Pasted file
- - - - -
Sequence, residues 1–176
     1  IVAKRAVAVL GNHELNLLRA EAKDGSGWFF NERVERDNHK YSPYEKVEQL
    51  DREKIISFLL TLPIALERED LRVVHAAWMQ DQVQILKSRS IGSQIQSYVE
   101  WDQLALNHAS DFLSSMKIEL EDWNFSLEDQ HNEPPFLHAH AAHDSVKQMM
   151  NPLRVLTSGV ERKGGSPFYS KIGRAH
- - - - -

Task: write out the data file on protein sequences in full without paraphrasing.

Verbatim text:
Sequence, residues 1–176
     1  IVAKRAVAVL GNHELNLLRA EAKDGSGWFF NERVERDNHK YSPYEKVEQL
    51  DREKIISFLL TLPIALERED LRVVHAAWMQ DQVQILKSRS IGSQIQSYVE
   101  WDQLALNHAS DFLSSMKIEL EDWNFSLEDQ HNEPPFLHAH AAHDSVKQMM
   151  NPLRVLTSGV ERKGGSPFYS KIGRAH